The GOP is readying for a fight as Trump is gaining steam

The Takeaway
Senate Majority Leader Mitch McConnell (R-KY) (C) holds a news conference with fellow Republican leadership on possible Supreme Court nominations after their Republican party caucus luncheon on Capitol Hill in Washington February 23, 2016.

Senate Majority Leader Mitch McConnell (R-KY) (C) holds a news conference with fellow Republican leadership on possible Supreme Court nominations after their Republican party caucus luncheon on Capitol Hill in Washington February 23, 2016.

Gary Cameron/Reuters

Congressional Republicans don’t care for Donald Trump, and they’re not afraid to say it.

“We’ve been reporting over the weeks about all the consternation and angst among congressional Republicans about the prospect of a Donald Trump nomination,” says Takeaway Washington Correspondent Todd Zwillich. “Now, the consternation is open and explicit.”

Senate Majority Leader Mitch McConnell reportedly told his congressional colleagues that they will drop the GOP presidential frontrunner “like a hot rock.” On Tuesday, House Speaker Paul Ryan came out to denounce Trump for not quickly rejecting the endorsement of David Duke, a former Ku Klux Klan leader.

"This party does not prey on people's prejudices,” Speaker Ryan said. “We appeal to their highest ideals. This is the party of Lincoln. We believe all people are created equal in the eyes of God and our government. This is fundamental, and if someone wants to be the nominee they must understand this. I hope this is the last time I need to speak out on this race."

Why all the hostility? Donald Trump is putting congressional Republicans in a dangerous spot. Some lawmakers in purple states fear they will lose their races if they don't support Trump, while McConnell reassured other Republican members that they could run negative ads against Trump if his candidacy threatens their re-election.

Despite the tension, Trump is hoping to make some friends on Capitol Hill.

"I'm going to get along great with Congress,” Trump said at a victory rally on Tuesday night. “Paul Ryan, I don't know him well, but I'm sure I am going to get along great with him. And if I don't he's going to have to pay a big price, OK!?"

Because Speaker Ryan is the chairman of the Republican National Convention, he has typically avoided discussing the race for the White House.

“He doesn't want to dive into the fight that’s going on out on the campaign trail, but felt compelled to” in light of the David Duke controversy, Zwillich says.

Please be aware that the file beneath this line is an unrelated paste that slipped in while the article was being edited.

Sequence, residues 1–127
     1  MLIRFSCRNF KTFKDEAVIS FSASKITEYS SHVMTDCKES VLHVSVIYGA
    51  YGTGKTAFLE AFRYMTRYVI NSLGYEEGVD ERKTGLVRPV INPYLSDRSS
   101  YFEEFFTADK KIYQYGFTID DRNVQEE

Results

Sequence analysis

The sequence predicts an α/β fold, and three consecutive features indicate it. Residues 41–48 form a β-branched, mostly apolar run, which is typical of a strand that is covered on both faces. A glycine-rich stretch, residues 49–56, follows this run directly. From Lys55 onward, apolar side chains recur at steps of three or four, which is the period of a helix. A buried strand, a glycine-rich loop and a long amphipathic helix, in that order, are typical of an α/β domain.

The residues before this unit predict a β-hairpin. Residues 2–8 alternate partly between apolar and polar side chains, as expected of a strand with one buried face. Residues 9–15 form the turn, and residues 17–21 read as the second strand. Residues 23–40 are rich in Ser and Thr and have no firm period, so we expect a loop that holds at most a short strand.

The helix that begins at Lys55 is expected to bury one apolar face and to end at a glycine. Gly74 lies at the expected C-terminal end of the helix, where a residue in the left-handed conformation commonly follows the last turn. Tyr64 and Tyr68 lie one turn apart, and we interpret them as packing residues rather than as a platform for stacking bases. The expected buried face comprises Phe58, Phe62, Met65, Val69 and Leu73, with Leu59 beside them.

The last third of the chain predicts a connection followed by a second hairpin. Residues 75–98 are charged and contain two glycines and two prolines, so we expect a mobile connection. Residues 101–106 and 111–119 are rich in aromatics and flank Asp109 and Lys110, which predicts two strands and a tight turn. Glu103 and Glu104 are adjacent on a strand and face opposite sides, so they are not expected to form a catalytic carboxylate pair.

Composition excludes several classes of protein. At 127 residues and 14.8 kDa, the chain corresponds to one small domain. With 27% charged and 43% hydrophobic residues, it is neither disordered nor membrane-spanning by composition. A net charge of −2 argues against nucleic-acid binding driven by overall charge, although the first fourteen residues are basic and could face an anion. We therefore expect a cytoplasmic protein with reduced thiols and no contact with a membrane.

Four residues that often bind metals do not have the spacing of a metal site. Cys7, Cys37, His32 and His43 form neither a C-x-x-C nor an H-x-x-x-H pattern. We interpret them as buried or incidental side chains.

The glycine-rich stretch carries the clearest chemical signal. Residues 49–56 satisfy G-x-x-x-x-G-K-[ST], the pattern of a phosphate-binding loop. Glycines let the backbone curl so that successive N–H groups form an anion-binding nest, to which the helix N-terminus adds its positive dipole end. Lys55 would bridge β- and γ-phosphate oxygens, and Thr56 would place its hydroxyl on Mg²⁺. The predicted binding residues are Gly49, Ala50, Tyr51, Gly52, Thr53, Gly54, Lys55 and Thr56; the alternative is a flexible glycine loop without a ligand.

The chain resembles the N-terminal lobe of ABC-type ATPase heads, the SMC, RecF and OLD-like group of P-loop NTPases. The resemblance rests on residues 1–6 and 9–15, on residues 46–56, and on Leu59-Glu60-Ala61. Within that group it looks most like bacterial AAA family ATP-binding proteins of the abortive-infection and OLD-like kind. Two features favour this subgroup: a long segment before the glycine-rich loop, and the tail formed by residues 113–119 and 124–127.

Normally the leading lawmakers of a political party would be celebrating a candidate sweeping the polls in Super Tuesday. Instead, McConnell and Ryan had to make it clear that they disavow the KKK leader.

“It’s a messaging disaster so far,” says Zwillich.

In the hallways of Capitol Hill, the pushback from the Republican leadership isn’t always welcomed.

“If you talk to some backbench Republicans in the Senate, they’re kind of transactional,” says Zwillich. “They say, ‘Well, people will make calculations — if Donald Trump is going to bring a lot of people out to the polls, maybe for some folks it won’t be such a bad thing? You adjust your message.’ People will calculate like that. But nobody in the Senate Republican leadership — the guys responsible for getting people elected — think that at all.”

One such Republican is Senator John Cornyn from Texas. He is second in command within the Senate GOP leadership.

"I don't know what's going to happen in November, but I'm concerned that if you have a controversial and unpopular figure running at the top of the ticket, obviously it's going to have an impact on our ability to maintain a majority in the Senate," Senator Cornyn told Zwillich.

Another member of the Republican leadership, Senator John Thune of South Dakota, feels similarly.

"I hope that when our nominating process is through we have somebody we can unify behind, but I do think that members of Congress and senators who are running this year, they need to focus on their own races, they need to take care of business at home and win their races,” he said.

Zwillich says that establishment Republicans are currently planning to start anti-Trump Super PACs to raise millions to fight against the GOP front runner.

“[Former GOP contender and U.S. Senator] Lindsey Graham himself, the man who goes around and says that Republicans are in a world of hurt, said something remarkable yesterday to a group of us,” says Zwillich. “He said, ‘You know I never thought I’d have to say this, but we’re going to have to rally around Ted Cruz; maybe that’s the only way we can stop this.’ Lindsey Graham and people like him in the Senate and the establishment, and Republicans who have run before, that’s a thing they never wanted to have to say.”

This story was first published by PRI's The Takeaway, a public radio program that invites you to be part of the American conversation.